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Transvaal Agricultural Union v Minister of Land Affairs and Another (CCT21/96) [1996] ZACC 22; 1996 (12) BCLR 1573; 1997 (2) SA 621 (18 November 1996)

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CONSTITUTIONAL COURT OF SOUTH AFRICA

Case CCT 21/96

THE TRANSVAAL AGRICULTURAL UNION


versus

THE MINISTER OF LAND AFFAIRS

THE COMMISSION ON RESTITUTION OF LAND RIGHTS

Heard on: 19 September 1996

Decided on: 18 November 1996




JUDGMENT





CHASKALSON P:

Introduction

[1] The Transvaal Agricultural Union is a body established to represent the interests of its members who are farmers. It has applied directly to this Court for an order declaring that sections 6(1)(c), 9(1)(b), 11(1), 11(6)(b), 11(7), 11(8), and 13(2)(b) of the Restitution of Land Rights Act 22 of 1994, and rules 13 and 14 of the rules regarding the procedure of the Commission on Restitution of Land Rights, promulgated in terms of section 16(1) of that Act,[1] are inconsistent with the Constitution, and accordingly invalid. The provisions are material to the interests of members of the applicant, and it was not disputed that it has standing in terms of section 7(4)(b) of the Constitution to bring this application.

[2] Constitutional Court rule 17 deals with applications for direct access to the Court in terms of section 100(2) of the Constitution.[2] It stipulates that such applications are permissible

“in exceptional circumstances only, which will ordinarily exist only where the matter is of such urgency, or otherwise of such public importance, that the delay necessitated by the use of the ordinary procedures would prejudice the public interest or prejudice the ends of justice and good government.”


[3] On receipt of the application in the present matter it was set down for hearing and directions were given in terms of rule 17(5) requiring the parties to submit written argument to the Court in regard to whether the matter was one in which direct access was appropriate. The parties were also required to address the merits of the issues raised in the application.

[4] The Commission on Restitution of Land Rights (the “Commission”) informed the registrar that it would abide by the judgment of the Court and did not wish to participate in the proceedings. The Minister, however, opposed the application both on the merits of the dispute and on the grounds that the matter is not a proper one for the exercise by the Court of the special jurisdiction vested in it under rule 17.

The Restitution of Land Rights Act

[5
] The Restitution of Land Rights Act was enacted pursuant to the provisions of sections 121 to 123 of the Constitution. The provisions of these sections that are relevant to the present dispute are as follows:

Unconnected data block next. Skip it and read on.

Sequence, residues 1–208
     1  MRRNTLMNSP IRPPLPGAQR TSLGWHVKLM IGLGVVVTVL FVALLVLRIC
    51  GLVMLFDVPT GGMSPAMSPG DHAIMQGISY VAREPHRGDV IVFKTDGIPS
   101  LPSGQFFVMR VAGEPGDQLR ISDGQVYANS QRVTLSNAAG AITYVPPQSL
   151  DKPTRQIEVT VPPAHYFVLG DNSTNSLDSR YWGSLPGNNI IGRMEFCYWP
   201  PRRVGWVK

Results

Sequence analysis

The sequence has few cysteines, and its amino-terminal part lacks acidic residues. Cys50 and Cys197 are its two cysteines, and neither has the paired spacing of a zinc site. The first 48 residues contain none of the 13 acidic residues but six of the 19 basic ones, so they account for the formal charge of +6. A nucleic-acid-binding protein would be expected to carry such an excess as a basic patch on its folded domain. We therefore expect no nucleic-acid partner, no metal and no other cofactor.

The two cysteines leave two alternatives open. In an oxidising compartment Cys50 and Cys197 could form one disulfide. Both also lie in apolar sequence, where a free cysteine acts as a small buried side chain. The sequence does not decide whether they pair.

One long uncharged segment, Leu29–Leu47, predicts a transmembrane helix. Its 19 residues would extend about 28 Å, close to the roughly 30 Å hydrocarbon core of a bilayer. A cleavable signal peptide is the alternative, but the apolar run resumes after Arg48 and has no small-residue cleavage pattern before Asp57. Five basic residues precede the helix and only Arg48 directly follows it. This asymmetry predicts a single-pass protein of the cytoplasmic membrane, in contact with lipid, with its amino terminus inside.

121. Claims. - (1) An Act of Parliament shall provide for matters relating to the restitution of land rights, as envisaged in this section and in sections 122 and 123.

(2) A person or a community shall be entitled to claim restitution of a right in land from the state if -
(a) such person or community was dispossessed of such right at any time after a date to be fixed by the Act referred to in subsection (1); and
(b) such dispossession was effected under or for the purpose of furthering the object of a law which would have been inconsistent with the prohibition of racial discrimination contained in section 8(2), had that section been in operation at the time of such dispossession.

(3) ....

(4) ....

(5) No claim under this section shall be lodged before the passing of the Act contemplated in subsection (1).

(6) Any claims under subsection (2) shall be subject to such conditions, limitations and exclusions as may be prescribed by such Act, and shall not be justiciable by a court of law unless the claim has been dealt with in terms of section 122 by the Commission established by that section.

122. Commission. - (1) The Act contemplated in section 121(1) shall establish a Commission on Restitution of Land Rights, which shall be competent to -
(a) investigate the merits of any claims;
(b) mediate and settle disputes arising from such claims;
(c) draw up reports on unsettled claims for submission as evidence to a court of law and to present any other relevant evidence to the court; and
(d) exercise and perform any such other powers and functions as may be provided for in the said Act.

(2) The procedures to be followed for dealing with claims in terms of this section shall be as prescribed by or under the said Act.”


[6] The Restitution of Land Rights Act established the Commission to deal with matters referred to in section 122 of the Constitution, and a special court, the Land Claims Court, with the powers contemplated by section 123 of the Constitution. It is not necessary for the purposes of this judgment to set out the details of these powers.